Friday, 22 October 2010

Warning, Math Inside!

Next year the International Mathematical Olympiad ( will be held in the Netherlands. This calls for a celebration of math, but at present mathematical modelling seems to get the blame for all the economical problems we have. To name a few, the models from David X. Li are blamed for causing the credit crunch. The risk assessment models of banks failed; nearly tipping them over if it wasn’t for the government support they received. Also the losses incurred by the pension funds are blamed on mathematical models. In pointing the finger on who’s to blame for al this, many decision makers point to math modelling. It’s far too complicated, they say. It is however invalid to blame math for this; after all it is not the math that makes the decisions. What is to blame is the ignorance with which math models are applied. It’s like buying a state of art electronic device and getting mad at it because it doesn’t work. But if you had read the manual, things get different.

The essence of math modelling is to describe reality in mathematical terms with a specific purpose, like determining the value of an investment portfolio or assessing the risk of a project. A mathematical model always is a simplification of reality. If the model would be as complex and as detailed as reality, it would become as expensive and as difficult to use. Math allows us to focus on the essence of the question at hand and gives us the opportunity to experiment without having to perform tests in real live. No one would think of flying in a new aircraft, without first testing its ability to fly using a math model. After using the model to perform the required analysis, the results are translated back to reality. In both translations (from reality to model and back again) common sense, simplifications, assumptions and approximations are used. The model user and decision maker must be well aware of that.

A well build math model can be a very powerful instrument; you can compare it with a chainsaw. In the hands of a well trained annalist the math model will be an excellent and effective tool. In the hands of an ignorant user it can do a lot of harm, even to the user. A decision maker must know the scope, concepts and dynamics of the models used before adopting its results in decision making. This doesn’t imply that every decision maker should a well trained and skilled mathematical modeller or that the detail and complexity of the model is restricted by the decision makers’ math capabilities. An aircraft pilot for example exactly knows the scope and conditions for using the autopilot of the aircraft, this doesn’t imply that the pilot can build one himself.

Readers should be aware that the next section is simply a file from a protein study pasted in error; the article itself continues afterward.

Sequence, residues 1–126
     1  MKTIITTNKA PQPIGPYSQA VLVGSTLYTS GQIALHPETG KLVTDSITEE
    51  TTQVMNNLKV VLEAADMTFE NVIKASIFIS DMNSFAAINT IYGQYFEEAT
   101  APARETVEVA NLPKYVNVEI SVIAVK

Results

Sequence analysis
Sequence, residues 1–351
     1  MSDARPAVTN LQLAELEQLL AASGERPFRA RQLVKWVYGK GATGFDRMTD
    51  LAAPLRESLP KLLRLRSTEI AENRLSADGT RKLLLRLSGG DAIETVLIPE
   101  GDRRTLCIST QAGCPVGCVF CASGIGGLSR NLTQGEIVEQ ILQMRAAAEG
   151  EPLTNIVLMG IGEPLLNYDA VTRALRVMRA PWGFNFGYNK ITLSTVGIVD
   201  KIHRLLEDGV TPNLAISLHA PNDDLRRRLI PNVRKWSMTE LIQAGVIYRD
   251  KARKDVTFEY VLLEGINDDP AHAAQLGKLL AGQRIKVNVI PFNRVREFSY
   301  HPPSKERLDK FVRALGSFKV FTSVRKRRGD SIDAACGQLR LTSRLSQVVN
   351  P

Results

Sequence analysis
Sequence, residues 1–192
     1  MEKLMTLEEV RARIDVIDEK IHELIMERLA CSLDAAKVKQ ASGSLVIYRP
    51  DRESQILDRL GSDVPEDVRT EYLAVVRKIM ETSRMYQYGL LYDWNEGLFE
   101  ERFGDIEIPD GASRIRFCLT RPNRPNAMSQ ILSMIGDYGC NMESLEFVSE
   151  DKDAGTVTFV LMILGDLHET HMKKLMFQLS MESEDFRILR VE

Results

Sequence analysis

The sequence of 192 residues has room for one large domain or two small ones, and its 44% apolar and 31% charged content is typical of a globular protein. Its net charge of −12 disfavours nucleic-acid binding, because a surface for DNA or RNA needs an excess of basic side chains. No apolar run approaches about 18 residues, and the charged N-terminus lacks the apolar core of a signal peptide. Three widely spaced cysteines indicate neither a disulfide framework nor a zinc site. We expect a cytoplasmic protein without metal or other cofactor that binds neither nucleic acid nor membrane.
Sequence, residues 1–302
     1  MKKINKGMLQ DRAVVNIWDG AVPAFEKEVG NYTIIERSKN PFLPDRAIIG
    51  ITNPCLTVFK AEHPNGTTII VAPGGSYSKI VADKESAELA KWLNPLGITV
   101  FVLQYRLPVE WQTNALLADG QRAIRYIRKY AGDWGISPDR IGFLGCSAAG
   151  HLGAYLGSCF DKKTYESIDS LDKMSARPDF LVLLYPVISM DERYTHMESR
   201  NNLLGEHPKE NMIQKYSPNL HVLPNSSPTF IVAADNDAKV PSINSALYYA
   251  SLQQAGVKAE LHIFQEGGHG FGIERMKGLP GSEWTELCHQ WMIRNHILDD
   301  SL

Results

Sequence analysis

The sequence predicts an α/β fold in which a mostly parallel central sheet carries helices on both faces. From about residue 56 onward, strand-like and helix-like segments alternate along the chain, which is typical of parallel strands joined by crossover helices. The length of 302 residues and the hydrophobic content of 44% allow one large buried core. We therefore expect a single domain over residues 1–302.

Robert Merton states in his Nobel price speech in 1997:

"The mathematics of models can be applied precisely, but the models are not at all precise in their application to the complex real world. Their accuracy as useful approximations to that world varies significantly across time and place. The models should be applied in practice only tentatively, with careful assessment of their limitations in each approximation."

He is absolutely right about it, but it’s forgotten easily. Robert Merton himself failed to keep this in mind and as a result Long Term Capital Management went down in 1998.

As an operations research consultant I use math models all the time. It is tempting to keep the detail of the modelling out of the scope of the decision makers. But my experience is that developing models in close corporation with the decision maker is a far better way. When keeping the decision maker out of the loop, you need to do a lot of explaining after the model has been developed. Many times, when the results from the model are not as expected, it is the math model that gets the blame. However it is the ignorance of the decision maker that is the cause, they didn’t read the manual (or we didn’t explain the model well enough) Therefore developing the model in close corporation with the decision maker is a better way. It leads to better models because scope, assumptions and simplifications are discussed and agreed upon during the development process. This allows the decision maker to learn to use and understand the results of the model while it is being developed. No manual required! It is not only easier; it is also a better way, improving decision quality.

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